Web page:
Blog statistics are sometimes too much information

I am still learning the ropes of the art of blogging. From time to time, I take a moment away from writing to take a glimpse at my blog’s statistics. It may simply be an attempt to appease my vanity, or perhaps I truly am seeking to leverage analytics to improve my blog’s performance. Either way, I find the little bar with vertical lines projecting out of it irresistible on occasion.

Some of you may recall an article I posted a while back in response to the media seemingly taking interest in Chris Hadfield’s cell phone bill during his latest stint in orbit as commander of the International Space Station. This has by far been my most popular entry. Since I don’t have an enormous following, it’s not like millions of people are falling over themselves to read what I have to say about astronauts. However, I do get a little information from time to time about the nature of the queries sent to search engines that eventually land eyeballs on my page.

Most of these search terms are fairly innocuous. One combination of words arose on two separate occasions over the past couple days that I could not help but wonder at: “Jeremy Hansen astronaut wife.” What on Earth (or out of it) are these people searching for? Despite my best efforts, my mind cannot help but explore the spectrum of possibilities to glean some insight into their minds.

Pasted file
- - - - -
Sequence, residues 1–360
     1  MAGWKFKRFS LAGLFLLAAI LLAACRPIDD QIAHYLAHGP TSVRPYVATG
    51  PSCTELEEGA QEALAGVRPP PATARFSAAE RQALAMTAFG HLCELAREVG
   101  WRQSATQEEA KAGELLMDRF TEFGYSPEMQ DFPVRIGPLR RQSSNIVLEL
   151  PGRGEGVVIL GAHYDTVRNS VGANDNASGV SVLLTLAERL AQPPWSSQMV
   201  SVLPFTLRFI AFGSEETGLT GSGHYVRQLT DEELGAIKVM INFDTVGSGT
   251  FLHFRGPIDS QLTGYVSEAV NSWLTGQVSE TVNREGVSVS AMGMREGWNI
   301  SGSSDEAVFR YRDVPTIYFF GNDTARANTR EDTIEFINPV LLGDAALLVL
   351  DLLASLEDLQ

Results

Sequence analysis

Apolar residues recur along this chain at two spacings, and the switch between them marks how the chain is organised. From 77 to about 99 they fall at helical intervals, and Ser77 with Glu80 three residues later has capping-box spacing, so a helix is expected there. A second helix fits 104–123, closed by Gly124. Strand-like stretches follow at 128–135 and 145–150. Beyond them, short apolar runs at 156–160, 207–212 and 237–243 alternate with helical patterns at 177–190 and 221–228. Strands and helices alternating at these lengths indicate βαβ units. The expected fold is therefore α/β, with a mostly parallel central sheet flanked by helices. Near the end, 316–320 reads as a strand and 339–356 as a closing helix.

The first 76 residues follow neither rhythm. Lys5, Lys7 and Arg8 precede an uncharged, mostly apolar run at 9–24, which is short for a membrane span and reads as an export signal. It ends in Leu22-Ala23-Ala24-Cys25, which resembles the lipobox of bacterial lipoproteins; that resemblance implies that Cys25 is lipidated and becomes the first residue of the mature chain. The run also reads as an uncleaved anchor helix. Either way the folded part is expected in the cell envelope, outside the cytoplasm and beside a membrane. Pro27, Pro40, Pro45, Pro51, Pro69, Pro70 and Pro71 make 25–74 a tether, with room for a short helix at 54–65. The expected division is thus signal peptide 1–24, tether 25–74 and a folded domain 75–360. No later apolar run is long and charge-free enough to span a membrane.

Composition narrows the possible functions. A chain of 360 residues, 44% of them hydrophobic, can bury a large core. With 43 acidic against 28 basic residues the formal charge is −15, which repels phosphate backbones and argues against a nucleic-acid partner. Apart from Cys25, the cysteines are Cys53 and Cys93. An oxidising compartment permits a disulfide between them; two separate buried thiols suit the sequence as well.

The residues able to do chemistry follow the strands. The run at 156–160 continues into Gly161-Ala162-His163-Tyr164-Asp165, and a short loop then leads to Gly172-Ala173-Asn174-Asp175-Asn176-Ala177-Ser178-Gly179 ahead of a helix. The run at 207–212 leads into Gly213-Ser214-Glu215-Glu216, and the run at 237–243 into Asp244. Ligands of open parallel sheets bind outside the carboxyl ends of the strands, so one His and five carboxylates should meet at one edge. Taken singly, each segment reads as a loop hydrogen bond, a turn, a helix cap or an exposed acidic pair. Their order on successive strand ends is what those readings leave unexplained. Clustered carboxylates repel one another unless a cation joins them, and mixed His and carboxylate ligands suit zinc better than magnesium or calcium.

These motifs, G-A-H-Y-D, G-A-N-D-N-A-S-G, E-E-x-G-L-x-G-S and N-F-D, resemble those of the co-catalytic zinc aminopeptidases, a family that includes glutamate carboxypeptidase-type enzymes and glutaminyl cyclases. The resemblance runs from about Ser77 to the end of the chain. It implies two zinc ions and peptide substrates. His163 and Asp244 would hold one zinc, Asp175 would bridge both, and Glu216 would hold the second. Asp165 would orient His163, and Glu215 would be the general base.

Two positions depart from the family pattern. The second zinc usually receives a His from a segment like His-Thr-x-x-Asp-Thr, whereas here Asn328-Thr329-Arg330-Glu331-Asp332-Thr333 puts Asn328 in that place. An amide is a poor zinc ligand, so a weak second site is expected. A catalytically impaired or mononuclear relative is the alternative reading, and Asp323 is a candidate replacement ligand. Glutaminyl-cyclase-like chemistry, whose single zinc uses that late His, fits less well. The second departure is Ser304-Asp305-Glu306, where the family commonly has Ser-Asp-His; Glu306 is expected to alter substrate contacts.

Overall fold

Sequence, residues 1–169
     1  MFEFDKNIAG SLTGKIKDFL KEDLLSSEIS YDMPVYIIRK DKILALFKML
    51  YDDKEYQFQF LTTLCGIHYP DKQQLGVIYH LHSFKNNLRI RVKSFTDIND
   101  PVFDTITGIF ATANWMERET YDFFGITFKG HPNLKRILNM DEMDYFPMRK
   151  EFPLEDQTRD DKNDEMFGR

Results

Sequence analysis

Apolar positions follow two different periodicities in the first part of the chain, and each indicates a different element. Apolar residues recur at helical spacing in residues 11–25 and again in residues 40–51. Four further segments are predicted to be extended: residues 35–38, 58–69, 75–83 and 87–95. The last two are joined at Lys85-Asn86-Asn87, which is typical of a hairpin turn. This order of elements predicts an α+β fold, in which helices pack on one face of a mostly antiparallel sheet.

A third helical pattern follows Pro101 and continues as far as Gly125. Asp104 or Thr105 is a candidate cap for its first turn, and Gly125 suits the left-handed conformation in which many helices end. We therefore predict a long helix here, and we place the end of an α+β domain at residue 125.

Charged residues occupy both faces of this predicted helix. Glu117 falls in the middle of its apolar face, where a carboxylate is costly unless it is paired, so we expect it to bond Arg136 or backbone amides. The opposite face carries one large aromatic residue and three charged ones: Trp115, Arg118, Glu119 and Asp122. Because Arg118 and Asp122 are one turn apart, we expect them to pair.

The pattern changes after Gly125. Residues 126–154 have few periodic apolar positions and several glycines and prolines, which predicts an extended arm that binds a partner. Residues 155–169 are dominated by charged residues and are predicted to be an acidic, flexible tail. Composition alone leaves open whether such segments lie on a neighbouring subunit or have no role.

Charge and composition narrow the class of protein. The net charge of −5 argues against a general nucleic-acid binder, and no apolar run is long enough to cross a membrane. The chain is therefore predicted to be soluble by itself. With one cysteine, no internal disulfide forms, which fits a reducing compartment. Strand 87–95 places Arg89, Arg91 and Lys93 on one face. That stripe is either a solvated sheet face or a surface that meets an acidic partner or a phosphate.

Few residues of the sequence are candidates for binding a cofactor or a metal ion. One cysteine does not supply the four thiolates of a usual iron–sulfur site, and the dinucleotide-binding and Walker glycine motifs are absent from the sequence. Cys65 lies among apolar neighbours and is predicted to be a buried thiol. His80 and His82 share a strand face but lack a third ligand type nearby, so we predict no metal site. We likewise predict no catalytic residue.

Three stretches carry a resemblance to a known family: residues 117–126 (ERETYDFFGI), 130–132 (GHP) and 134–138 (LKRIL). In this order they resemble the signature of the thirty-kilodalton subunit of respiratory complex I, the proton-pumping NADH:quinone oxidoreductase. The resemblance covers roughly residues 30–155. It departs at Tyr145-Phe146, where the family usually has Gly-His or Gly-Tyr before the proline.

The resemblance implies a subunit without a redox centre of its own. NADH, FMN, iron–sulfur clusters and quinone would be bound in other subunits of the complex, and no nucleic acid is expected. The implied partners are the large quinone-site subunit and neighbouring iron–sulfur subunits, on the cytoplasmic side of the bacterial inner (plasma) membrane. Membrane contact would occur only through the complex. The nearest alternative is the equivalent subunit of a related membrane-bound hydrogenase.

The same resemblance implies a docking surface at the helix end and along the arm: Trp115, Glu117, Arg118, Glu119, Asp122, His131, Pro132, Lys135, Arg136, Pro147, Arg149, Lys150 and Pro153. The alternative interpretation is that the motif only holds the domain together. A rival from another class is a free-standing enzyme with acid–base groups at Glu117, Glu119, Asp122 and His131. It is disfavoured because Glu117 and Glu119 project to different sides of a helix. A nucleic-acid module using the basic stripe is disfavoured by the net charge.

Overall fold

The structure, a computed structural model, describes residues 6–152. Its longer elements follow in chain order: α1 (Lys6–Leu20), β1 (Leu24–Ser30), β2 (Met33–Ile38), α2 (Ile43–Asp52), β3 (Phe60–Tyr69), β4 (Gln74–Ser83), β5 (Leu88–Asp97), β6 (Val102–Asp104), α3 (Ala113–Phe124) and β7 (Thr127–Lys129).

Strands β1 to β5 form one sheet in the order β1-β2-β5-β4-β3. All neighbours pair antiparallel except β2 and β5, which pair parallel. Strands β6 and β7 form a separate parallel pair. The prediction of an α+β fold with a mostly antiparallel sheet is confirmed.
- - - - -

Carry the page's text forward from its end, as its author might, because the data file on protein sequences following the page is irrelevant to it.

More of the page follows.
At first glance, this could somehow refer to a sophomoric attempt to ogle the man’s wife. Perhaps she is quite a looker? Perhaps the search strong looked something like this: “Photos of astronaut Jeremy Hansen‘s hot wife?” This is a very androcentric interpretation of the information available, and not a very flattering statement on modern society.

I would rather think that, if he is married, she is a fantastic person in her own right and has many accomplishments that are the equal to his. Perhaps the intended search string was something along these lines: “How many PhDs does astronaut Jeremy Hansen‘s wife hold?” or “Which orphanage did astronaut Jeremy Hansen‘s wife save?”

What if this is a search motivated by young women running some background checks on the rising star in an attempt to determine whether Mr. Hansen is an eligible bachelor. The search string might look something like: “Does Jeremy Hansen the astronaut have a wife?” It is an equal opportunity world after all, and he’s got quite the smile.

It’s not often that scientific personalities become superstars, but this man’s pulling it off enough to be the subject of eclectic internet searches.

As with grammar, punctuation and context can prove essential to successful internet searches.

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